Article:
We pray for the Clergy, Readers, PCC & parishes of Walton-on-Trent w Croxall, Rosliston w Linton & Castle Gresley, Willington, Winshill
I am writing this just after getting back from a visit to Angola. It was my third time in the extraordinary capital, Luanda, said to be the most expensive city in the world, where some of Africa’s richest people live cheek by jowl with some of the world’s poorest – half of Angola’s citizens live on less than $2 a day. It is sobering to see the smart new Jaguar showroom just along the road from a hospital where patients and their families sleep on the street as they wait for admission. Luanda had an infrastructure designed to accommodate half a million people. Over forty years of war – a war of independence and then a bitter civil war, with its consequential population movement – means that about six million people live there today.
One of the highlights of the visit was a trip to one of the poorest settlements in Luanda, to see the ‘Girls Building Bridges’ project run by UCF, the Angolan version of YWCA. The project is the focus of the Bishop of Derby’s Harvest Appeal this year, in partnership with Christian Aid. The project has been running for ten years and provides a one-year programme for about two hundred girls, in groups of thirty, meeting in either the morning or afternoon, depending on their school commitments. They are taught practical skills, such as sewing and cooking, as well as developing their capabilities in maths and language skills. But the most important part of the programme is the work to develop life skills and self-esteem in a society where gender stereotypes are still ingrained and girls are disproportionately affected by poverty, violence, and lack of access to education and healthcare. Domestic violence against women and children is endemic; and teenage pregnancy prevalent. During our stay we met the Director of Community Health for the Anglican diocese, a surgeon who, in the previous week, had performed hysterectomies on two 15-year olds and a 13-year old girl.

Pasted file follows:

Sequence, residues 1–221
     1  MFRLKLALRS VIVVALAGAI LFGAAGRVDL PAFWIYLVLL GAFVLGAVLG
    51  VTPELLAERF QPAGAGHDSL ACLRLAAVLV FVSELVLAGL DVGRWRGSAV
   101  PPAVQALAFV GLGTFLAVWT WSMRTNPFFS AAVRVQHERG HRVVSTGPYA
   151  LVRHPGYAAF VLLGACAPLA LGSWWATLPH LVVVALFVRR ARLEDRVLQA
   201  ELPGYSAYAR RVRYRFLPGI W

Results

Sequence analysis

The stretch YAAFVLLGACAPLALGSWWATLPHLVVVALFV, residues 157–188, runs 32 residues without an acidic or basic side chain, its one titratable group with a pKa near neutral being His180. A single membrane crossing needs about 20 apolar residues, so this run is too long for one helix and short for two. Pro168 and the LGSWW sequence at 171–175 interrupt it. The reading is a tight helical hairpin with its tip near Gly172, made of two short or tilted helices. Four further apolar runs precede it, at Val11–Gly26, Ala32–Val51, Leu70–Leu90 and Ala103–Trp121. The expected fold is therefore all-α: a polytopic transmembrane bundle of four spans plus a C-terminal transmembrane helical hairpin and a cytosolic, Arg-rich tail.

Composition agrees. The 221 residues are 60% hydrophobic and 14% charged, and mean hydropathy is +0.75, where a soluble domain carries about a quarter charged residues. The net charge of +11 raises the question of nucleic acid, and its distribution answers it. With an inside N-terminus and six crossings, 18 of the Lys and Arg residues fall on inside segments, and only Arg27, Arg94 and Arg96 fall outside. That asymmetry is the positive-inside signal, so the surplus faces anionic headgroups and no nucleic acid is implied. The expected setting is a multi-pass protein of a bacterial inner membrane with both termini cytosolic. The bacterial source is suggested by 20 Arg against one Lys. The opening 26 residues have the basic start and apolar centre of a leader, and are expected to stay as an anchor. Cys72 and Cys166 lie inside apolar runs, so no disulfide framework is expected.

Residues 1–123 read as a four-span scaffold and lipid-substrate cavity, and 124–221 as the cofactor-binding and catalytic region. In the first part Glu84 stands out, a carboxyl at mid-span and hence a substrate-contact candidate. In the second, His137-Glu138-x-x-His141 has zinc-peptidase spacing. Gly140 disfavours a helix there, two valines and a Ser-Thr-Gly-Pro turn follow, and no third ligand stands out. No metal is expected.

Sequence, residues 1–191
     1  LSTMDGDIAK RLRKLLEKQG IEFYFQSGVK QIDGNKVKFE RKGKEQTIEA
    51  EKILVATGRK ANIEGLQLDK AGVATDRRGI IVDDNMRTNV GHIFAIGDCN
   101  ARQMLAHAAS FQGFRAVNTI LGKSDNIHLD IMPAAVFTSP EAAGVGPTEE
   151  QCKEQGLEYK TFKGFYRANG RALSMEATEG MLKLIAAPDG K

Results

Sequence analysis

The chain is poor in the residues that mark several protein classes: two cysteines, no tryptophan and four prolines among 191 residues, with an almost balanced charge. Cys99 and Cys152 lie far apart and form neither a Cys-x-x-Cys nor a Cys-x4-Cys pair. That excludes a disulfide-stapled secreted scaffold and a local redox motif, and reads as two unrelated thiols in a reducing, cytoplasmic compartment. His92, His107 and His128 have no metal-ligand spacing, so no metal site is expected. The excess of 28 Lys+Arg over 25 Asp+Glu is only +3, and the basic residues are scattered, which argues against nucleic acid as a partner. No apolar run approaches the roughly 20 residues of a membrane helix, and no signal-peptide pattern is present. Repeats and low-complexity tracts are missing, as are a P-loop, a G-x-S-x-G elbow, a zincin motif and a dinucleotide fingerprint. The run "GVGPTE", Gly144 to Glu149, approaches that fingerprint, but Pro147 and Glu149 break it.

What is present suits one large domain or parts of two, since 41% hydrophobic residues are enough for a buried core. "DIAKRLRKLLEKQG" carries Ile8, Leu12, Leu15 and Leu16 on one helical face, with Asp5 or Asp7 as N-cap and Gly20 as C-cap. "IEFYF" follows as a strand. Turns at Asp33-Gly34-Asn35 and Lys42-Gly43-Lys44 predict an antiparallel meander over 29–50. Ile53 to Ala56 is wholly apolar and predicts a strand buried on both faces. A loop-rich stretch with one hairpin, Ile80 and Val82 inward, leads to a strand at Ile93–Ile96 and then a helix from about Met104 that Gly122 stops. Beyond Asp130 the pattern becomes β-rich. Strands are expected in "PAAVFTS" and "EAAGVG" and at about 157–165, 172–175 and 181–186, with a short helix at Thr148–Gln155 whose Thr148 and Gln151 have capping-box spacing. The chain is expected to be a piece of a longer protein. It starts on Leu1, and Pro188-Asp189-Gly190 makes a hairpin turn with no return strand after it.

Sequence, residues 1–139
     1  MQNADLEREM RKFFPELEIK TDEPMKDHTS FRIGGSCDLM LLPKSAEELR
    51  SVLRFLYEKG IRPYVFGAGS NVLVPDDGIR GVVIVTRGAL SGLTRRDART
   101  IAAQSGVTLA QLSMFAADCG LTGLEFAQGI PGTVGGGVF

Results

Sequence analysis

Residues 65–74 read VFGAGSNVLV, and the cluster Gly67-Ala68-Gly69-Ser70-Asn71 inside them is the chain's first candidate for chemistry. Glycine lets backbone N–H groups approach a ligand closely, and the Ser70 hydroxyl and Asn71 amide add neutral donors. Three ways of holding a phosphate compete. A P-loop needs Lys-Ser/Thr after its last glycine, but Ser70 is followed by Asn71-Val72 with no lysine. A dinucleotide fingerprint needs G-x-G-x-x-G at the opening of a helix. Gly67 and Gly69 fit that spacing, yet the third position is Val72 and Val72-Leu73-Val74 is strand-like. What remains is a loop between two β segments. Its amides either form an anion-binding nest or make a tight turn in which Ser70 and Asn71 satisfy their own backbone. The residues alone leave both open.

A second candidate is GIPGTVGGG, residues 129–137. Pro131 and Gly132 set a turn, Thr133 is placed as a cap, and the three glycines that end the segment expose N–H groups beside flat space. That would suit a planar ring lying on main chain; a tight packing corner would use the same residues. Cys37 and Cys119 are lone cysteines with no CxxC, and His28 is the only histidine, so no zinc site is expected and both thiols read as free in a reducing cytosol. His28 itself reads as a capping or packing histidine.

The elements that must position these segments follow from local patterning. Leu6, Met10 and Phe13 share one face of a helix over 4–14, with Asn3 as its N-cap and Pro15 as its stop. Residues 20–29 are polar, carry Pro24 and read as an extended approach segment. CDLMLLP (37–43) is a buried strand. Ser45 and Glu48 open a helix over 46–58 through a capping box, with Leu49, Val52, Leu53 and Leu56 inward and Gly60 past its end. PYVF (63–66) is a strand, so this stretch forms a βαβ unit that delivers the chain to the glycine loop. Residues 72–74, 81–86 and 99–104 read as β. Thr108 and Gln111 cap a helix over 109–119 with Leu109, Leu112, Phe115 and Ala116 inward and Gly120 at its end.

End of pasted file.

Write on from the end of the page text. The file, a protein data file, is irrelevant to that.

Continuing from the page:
It was a moving experience to meet some of the girls on the programme. I was struck by their poise, self-confidence and articulacy as they answered questions about what the course meant to them – one of them even showing off her English! Not only do the young women become better able to cope with the pressures of daily life but they also become advocates and role models for a more just and equal society. Many of them go on to university and 70% have gone on to become peer educators, being activists in their schools, churches and communities, volunteering at local HIV clinics, and supporting women victims of domestic violence.
As I commend ‘Girls Building Bridges’ to your prayer and generosity, I do so reflecting that November gets under way with the twin feasts of All Saints and All Souls. Saints are not necessarily particularly holy or particularly good. They are people who try to take God seriously, who try to help people whenever they can, who show the power of love in their lives, often in gentle and not immediately obvious ways. Saints are models of what human life ought to embody – integrity, compassion, self-forgetfulness, love, and numerous other expressions of beauty, truth, and goodness – and they include believers, half-believers, and unbelievers. Saints are ordinary people, you and me and countless others, whom God has set free to build his kingdom, a kingdom which takes seriously all aspects of human life. It has been said that saints are the sinners who keep on trying. I think I met quite a lot of them in Angola.
For more information about Archdeacon Christopher’s visit to Angola please watch our videoClick here